# Why is the 2nd note of a chord called major third?

On a piano, the root note of the C major chord is referred to as 1. The second note played is E, which is actually the fifth key when starting at C. Not 3?

Yes this makes senses to call it a 3 when referring to written music, but written music is confusing because the white and black notes are unevenly placed on 12 notes of each octave.

So from a piano, a major chord would be less confusing if though of as 1,5,8

A minor chord would be less confusing if though of as 1,4,8.

After many attempts to look into music theory and understand chord combinations this now makes sense to me. Using numbers to refer to the next note on the instrument I'm playing — guitar or piano, not some complicated stave of circles in lines that makes me feel dyslexic.

• As I understand it, on account of being the third note of the Major Scale. Commented Sep 11, 2015 at 16:37

It's more about context than it is about written music. It's called a third because it's the third step in the scale.

Take the `C major` scale for example.

```
1  2  3  4  5  6  7
C  D  E  F  G  A  B

```

The `C major` chord is `C E G`: the first, third, and fifth steps (degrees) of the `C major` scale.

It's the same case with minor triads. Here is the `C minor` scale:

```
1  2  3  4  5  6  7
C  D  Eb F  G  Ab Bb

```

The C minor chord is `C Eb G`: the first, third, and fifth degrees of the `C minor` scale.

This is the simplest way to see it, but you can also see it as intervals, which are based on the distance between two notes.

```semitones interval

1         minor second
2         major second
3         minor third
4         major third
5         perfect fourth
6         tritone
7         perfect fifth
8         minor sixth
9         major sixth
10        minor seventh
11        major seventh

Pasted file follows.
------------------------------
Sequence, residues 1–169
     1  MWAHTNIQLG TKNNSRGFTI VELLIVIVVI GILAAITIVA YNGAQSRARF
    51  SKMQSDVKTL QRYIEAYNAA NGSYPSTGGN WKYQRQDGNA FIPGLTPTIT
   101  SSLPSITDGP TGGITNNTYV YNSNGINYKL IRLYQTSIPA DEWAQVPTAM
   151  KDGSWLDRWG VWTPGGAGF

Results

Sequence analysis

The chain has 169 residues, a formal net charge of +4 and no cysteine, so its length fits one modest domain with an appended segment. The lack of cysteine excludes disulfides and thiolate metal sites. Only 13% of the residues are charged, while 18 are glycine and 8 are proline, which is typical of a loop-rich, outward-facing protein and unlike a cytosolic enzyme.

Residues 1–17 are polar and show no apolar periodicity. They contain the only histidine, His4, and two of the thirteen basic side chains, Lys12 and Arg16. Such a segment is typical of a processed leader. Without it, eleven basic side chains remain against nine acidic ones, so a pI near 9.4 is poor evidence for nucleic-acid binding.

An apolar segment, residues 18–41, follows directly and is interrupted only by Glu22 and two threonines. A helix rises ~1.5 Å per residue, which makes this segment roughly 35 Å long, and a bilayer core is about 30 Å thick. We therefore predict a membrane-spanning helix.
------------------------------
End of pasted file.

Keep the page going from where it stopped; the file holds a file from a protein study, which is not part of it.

12        octave

```

One semitone is the distance between two adjacent keys in the piano. Your suggested notation is slightly incorrect (typically we count the semitones from the root). A major chord, in semitone notation, would be `r, 4, 7`. A minor chord would be `r, 3, 7`. Using the table above we can translate them:

`r, 4, 7` = `root, major third, perfect fifth`

`r, 3, 7` = `root, minor third, perfect fifth`

From this you can also notice that the second note of a chord is not always a major third. It can be a minor third, or anything else. The `C minor` chord has a minor third, for example.

As you can see it's not a complicated stave of circles in lines, it's much simpler.

So, why use interval notation instead of your suggested notation? Because it takes into consideration the context, the scale, the key, which actually simplifies things a lot (even if you can't see it now). Your suggestion only uses the root as the reference, but nothing more.

Look at the `C major` and `C minor` scales again. In both cases the third note of the scale is the second note of the chord. Both are thirds (a major third in the major chords, and a minor third in the minor chord). This link is not present in your suggested notation, in which a major third would be a "5", and a minor third would be a "4".

That link is very important, because in tonal music everything gravitates around something (the key), everything functions in relation to something else. The interval notation implies these relationships, making things more clear and simpler. Once you start seeing things in terms of tonality, once you dive into music theory, this will become evident.